American Wedding

By Essex Hemphill 1957–1995 Essex Hemphill
In america,
I place my ring
on your cock
where it belongs.
No horsemen
bearing terror,
no soldiers of doom
will swoop in
and sweep us apart.
They’re too busy
looting the land
to watch us.
They don’t know
we need each other
critically.
They expect us to call in sick,
watch television all night,
die by our own hands.
They don’t know
we are becoming powerful.
Every time we kiss
we confirm the new world coming.

What the rose whispers
before blooming
I vow to you.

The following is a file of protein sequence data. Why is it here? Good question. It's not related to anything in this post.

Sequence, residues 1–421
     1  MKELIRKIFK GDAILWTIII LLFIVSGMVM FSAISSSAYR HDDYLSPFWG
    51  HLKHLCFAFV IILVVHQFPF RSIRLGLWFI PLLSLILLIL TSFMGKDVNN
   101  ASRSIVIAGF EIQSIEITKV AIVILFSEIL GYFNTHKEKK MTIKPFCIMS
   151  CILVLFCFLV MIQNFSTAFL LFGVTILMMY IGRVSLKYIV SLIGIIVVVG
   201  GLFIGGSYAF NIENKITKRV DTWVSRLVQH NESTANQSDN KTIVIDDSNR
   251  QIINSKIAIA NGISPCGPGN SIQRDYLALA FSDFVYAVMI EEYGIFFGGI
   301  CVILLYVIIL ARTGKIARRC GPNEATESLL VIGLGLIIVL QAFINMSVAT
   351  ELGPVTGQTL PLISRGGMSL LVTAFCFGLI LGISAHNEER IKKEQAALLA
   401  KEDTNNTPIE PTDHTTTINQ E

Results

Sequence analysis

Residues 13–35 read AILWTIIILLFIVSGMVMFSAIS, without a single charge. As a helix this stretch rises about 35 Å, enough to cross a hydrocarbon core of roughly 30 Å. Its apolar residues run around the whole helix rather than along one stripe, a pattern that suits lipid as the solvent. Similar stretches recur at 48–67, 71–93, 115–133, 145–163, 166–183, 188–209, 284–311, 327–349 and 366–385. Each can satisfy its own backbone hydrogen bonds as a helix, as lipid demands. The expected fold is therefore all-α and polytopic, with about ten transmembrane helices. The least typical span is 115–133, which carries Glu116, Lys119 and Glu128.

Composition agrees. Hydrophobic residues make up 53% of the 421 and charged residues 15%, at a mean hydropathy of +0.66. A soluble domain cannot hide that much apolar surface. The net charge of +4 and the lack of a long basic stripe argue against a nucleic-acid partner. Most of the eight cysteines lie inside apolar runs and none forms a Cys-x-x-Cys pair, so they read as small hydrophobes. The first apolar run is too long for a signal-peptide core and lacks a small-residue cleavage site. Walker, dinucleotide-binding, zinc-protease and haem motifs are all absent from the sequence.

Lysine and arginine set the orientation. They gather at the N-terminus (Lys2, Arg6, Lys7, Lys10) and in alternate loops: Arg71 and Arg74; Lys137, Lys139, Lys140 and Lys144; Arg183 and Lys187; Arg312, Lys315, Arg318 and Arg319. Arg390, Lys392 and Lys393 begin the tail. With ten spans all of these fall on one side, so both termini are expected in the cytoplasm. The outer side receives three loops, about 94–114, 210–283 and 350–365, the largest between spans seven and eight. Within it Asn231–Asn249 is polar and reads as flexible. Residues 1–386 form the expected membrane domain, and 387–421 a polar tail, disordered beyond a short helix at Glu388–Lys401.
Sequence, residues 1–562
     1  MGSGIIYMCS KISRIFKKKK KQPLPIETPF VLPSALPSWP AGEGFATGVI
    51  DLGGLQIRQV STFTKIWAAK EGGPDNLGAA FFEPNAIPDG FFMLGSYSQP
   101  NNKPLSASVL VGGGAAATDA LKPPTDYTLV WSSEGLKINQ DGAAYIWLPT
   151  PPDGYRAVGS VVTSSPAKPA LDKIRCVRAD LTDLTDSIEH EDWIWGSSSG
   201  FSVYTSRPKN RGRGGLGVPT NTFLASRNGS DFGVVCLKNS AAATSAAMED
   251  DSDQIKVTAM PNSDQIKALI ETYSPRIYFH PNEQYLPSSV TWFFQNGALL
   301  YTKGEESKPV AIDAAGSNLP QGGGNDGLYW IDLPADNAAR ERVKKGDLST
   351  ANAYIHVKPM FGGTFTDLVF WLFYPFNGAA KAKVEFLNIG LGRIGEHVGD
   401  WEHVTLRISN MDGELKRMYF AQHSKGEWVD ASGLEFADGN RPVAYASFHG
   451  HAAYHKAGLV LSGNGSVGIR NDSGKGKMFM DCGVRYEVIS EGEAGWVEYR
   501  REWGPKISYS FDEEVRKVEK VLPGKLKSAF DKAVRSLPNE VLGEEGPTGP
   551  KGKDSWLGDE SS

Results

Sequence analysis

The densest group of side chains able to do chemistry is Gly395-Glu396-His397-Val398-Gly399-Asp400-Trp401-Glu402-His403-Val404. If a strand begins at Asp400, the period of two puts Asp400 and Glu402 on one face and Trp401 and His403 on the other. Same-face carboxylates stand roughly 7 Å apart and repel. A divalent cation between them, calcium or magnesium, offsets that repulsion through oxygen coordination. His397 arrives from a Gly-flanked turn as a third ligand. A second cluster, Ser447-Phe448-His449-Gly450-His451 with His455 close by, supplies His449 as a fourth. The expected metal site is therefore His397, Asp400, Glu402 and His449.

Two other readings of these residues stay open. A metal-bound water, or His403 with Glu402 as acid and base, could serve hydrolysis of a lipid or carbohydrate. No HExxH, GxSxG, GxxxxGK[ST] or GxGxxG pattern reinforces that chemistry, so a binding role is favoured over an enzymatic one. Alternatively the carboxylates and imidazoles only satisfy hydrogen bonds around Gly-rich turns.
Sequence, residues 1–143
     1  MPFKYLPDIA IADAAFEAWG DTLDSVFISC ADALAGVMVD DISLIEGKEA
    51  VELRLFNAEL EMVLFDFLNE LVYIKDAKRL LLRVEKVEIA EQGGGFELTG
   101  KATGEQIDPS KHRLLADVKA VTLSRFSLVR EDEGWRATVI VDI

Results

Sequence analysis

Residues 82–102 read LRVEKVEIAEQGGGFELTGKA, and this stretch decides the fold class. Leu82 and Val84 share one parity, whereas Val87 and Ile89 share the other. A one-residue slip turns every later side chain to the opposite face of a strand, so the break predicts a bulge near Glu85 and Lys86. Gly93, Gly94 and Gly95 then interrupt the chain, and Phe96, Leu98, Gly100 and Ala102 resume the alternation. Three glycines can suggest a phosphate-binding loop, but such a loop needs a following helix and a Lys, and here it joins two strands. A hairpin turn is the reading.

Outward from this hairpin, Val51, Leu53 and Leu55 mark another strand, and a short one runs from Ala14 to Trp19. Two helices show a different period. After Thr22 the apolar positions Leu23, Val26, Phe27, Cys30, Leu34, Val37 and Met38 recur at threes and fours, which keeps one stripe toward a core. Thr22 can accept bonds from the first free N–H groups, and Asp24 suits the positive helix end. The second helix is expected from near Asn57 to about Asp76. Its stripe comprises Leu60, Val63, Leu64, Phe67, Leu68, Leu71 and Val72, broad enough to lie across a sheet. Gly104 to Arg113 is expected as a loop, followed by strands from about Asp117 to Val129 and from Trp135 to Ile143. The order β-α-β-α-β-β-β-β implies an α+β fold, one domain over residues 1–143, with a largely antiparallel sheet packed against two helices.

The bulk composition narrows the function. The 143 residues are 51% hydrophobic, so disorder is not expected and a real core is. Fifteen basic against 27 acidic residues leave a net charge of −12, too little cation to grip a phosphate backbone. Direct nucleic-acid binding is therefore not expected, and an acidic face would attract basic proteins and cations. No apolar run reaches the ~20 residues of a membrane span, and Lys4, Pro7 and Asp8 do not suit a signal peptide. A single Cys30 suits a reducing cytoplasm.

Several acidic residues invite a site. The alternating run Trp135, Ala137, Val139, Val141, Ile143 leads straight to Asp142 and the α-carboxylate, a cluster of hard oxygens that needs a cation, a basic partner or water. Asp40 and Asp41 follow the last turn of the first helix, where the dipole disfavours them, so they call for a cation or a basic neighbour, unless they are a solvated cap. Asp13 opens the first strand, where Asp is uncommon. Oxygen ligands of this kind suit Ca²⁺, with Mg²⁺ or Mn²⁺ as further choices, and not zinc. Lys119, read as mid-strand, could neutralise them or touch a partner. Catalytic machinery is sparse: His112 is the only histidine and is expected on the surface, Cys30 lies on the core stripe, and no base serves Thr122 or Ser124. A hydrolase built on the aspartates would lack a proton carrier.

I give you my heart,
a safe house.
I give you promises other than
milk, honey, liberty.
I assume you will always
be a free man with a dream.
In america,
place your ring
on my cock
where it belongs.
Long may we live
to free this dream.

Essex Hemphill, “American Wedding” from Ceremonies. Copyright © 1992 by Essex Hemphill. Reprinted by permission of The Frances Goldin Literary Agency.

Source: Ceremonies (Cleis Press, 1992)

RELATED CONTENT

Discover this poem’s context and related poetry, articles, and media.

Poet Essex Hemphill 1957–1995

POET’S REGION U.S., Mid-Atlantic

Subjects Living, Marriage & Companionship, Relationships, Love, Social Commentaries, Life Choices, Desire, Realistic & Complicated